Every Chinese New Year, I excitedly buy the petite Pineapple Tarts from my favorite Malaysian-Singapore restaurant. Their Pineapple Tarts are much sought after this time of year. Often I get disappointed when they run out. I have to call in my order weeks in advance.
So when I didn’t get my favorite, tiny pastry treats, I decided to bake my own version of Pineapple Tarts. I found a recipe from another food blogger. It wasn’t as difficult as I thought it would be. In fact, it was “easy as pie”, pardon the pun.
The crust came out delicate and buttery. The family verdict was unanimous. My crust was a winner! The pineapple filling was made a day before and chilled to firm up. The crushed pineapple’s natural sweetness was made more amazing by simmering it slowly till it became sticky and had a jam-like consistency. And together, it was a perfect Pineapple Tart just in time for Chinese New Year.
Preparations for Chinese New Year start 14 days and one month before the actual day. Traditionally, it is important the house must be thoroughly cleaned. At times walls are repainted, and drapes are washed. Shopping for new food supplies and lots of cooking are also done.
Asian families get together and celebrate with big feasts. This is a traditional time for Asian families to give thanks for the many blessings received. My niece, Tsui Chern, who lives in the midwest, was excitedly cooking and cleaning when she wrote to me a few weeks ago. Her parents, KL and Catherine were arriving in the USA, and had come from Singapore to celebrate the Chinese New Year with the rest of the family. Tsui Chern told me they were inviting some close family friends in their area for a Chinese New Year feast.
As for Pineapple Tarts , Tsui Chern did confirm they’re a traditional treat in Singapore. Here’s what she said:
” My parents arrived yesterday. And yes, they brought with them pineapple tarts (from Singapore). It is one of the many New Year cookies. Pineapple signifies blooming prosperity so we include it in our cooking or pastries.”
I live far away from my niece, Tsui Chern. But if I was close by, I’d bake these Pineapple Tarts in a jiffy and bring them over, freshly baked, and to wish her many good wishes for prosperity, good fortune and much happiness!
Meanwhile, take a bite-sized tart from my newly baked batch … here’s to a fiercely progressive and very lucky Chinese Lunar New Year !
Pineapple Tarts are traditional tiny sweet pastry treats for Chinese New Year. I first tasted these at a Malaysian restaurant and from then on was hooked. The original ones were shaped like a round floral cookie, with a flakey, buttery pastry and the pineapple jelly-like filling placed in an open space on the center. I don't have the cookie mold for this (though you can purchase it on the internet), so I decided to bake these tarts shaped like mini, round empanadas. You can bake these in stages : cook the filling a few days before and refrigerate, make the pastry ahead and chill; assemble all together and bake for the Lunar New Year. They baked so well and had such an irresistable buttery aroma, that I don't think I'll wait till the next Chinese New Year to make them again. This recipe was adapted from the site FreshFromTheOven and makes about 18 pieces.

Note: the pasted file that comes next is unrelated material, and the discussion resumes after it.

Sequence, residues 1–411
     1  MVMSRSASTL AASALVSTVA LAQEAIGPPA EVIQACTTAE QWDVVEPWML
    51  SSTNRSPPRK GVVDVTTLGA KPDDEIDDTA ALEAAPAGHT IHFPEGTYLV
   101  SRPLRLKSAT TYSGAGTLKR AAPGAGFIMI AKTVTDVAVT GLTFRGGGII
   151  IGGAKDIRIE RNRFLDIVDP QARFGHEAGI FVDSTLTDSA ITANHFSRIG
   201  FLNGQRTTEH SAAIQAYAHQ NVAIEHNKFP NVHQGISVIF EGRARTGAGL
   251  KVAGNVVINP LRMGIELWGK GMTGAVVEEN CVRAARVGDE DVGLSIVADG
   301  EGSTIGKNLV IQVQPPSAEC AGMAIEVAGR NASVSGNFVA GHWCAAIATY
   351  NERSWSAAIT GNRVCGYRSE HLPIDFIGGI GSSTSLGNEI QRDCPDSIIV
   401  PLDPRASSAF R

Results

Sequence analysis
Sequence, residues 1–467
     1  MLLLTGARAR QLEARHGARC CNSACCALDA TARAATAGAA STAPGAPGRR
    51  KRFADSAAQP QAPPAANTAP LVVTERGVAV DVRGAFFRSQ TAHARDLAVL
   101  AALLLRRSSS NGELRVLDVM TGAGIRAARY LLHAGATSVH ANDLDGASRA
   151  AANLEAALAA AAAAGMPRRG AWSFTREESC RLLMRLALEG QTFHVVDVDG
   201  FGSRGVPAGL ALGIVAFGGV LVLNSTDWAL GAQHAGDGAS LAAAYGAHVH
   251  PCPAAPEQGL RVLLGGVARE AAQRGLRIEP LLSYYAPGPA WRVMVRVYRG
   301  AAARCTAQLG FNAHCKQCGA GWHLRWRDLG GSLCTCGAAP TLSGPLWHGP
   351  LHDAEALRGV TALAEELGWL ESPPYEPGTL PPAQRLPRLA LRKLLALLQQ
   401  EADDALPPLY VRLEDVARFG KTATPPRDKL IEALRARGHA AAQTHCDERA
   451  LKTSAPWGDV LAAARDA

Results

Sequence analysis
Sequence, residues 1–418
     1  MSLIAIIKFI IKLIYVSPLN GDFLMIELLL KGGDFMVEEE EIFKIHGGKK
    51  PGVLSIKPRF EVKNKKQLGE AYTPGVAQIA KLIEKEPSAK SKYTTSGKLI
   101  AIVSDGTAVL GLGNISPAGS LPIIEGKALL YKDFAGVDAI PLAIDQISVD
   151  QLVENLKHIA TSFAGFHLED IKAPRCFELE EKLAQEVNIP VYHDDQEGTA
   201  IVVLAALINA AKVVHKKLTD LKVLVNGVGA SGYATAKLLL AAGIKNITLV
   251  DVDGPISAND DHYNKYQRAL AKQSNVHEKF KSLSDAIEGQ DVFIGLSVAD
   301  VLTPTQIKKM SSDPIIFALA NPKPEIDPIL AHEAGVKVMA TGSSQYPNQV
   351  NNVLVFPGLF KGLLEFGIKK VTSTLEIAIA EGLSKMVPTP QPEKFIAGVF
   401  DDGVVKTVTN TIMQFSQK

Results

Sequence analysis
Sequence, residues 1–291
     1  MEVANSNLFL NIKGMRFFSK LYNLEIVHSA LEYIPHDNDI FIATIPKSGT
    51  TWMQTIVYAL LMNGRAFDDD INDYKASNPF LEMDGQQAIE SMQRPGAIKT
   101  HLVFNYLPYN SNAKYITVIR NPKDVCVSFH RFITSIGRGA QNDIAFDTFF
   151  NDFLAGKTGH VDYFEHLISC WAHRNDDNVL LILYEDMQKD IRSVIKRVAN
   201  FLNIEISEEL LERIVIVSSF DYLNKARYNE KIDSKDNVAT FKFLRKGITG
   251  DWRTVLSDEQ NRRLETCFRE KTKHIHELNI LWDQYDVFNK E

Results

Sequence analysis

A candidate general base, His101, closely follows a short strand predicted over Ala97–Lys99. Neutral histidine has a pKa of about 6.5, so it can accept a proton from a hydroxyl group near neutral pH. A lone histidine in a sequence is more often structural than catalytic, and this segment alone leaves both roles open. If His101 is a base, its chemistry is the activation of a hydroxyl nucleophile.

- unsalted butter - 1 cup, chilled, for pastry
- all purpose flour - 1 and 1/2 cups
- salt - 1/4 teaspoon
- egg yolks - 2, chilled
- powdered confectioner's sugar - 3 Tablespoons
- cornstarch - 2 Tablespoons, for pastry
- egg - 1 whole, mixed with 1/4 cup water, for egg wash
- crushed pineapple - 1 large can ( 20 ounces), drained, but keep syrup for cooking
- granulated sugar - 1/4 cup, for filling
- cornstarch - 1 and 1/2 Tablespoon, for filling
- lemon juice - 1 teaspoon
- Prepare the filling ahead of time : in a medium-sized heavy stock pot, cook the pineapple and sugar on low heat. Add about 8 tablespoons of the pineapple juice syrup from the can, a little at a time, to prevent pineapple from burning or sticking. Keep stirring every now and then.
- Add the cornstarch to thicken once the pineapple starts to turn darker. Keep stirring till it thickens. This will take about an hour to make. Cook at very low fire and do not leave the filling unattended or it may burn.
- Let the filling cool to room temperature. Refrigerate in a covered container overnight so it can firm up.
To Assemble and Bake the Pineapple Tarts:
- Make the dough ahead: mix the flour, salt, confectioners' sugar, cornstarch and butter till it looks like coarse peas. Use a pastry blender and mix by hand or use a food processor for faster results. Add the chilled yolks to the pastry and blend till dough is smooth and pulls away from sides of bowl. Wrap the dough in plastic wrap and refrigerate overnight.
- The next day, roll the dough on floured surface. Cut with a cookie cutter, tiny circles measuring 2 inches in diameter.
- Fill the center of the dough with 2 teaspoons of pineapple filling. Brush the sides with eggwash.
- Top with another circle. Seal edges with your thumb by pressing both pastries together.
- Place tarts on parchment lined baking sheets. Brush tops with egg wash.
- Bake in preheated oven 350F degrees for 12 to 15 minutes.
- Then brush the tops of pastry again with more egg wash. Bake for another 5 minutes.
- When done, cool on racks.
*Reference for some Chinese New Year traditions: "Culinaria Southeast Asia" A Journey through Singapore, Malaysia & Indonesia" by H.F.Ullmann
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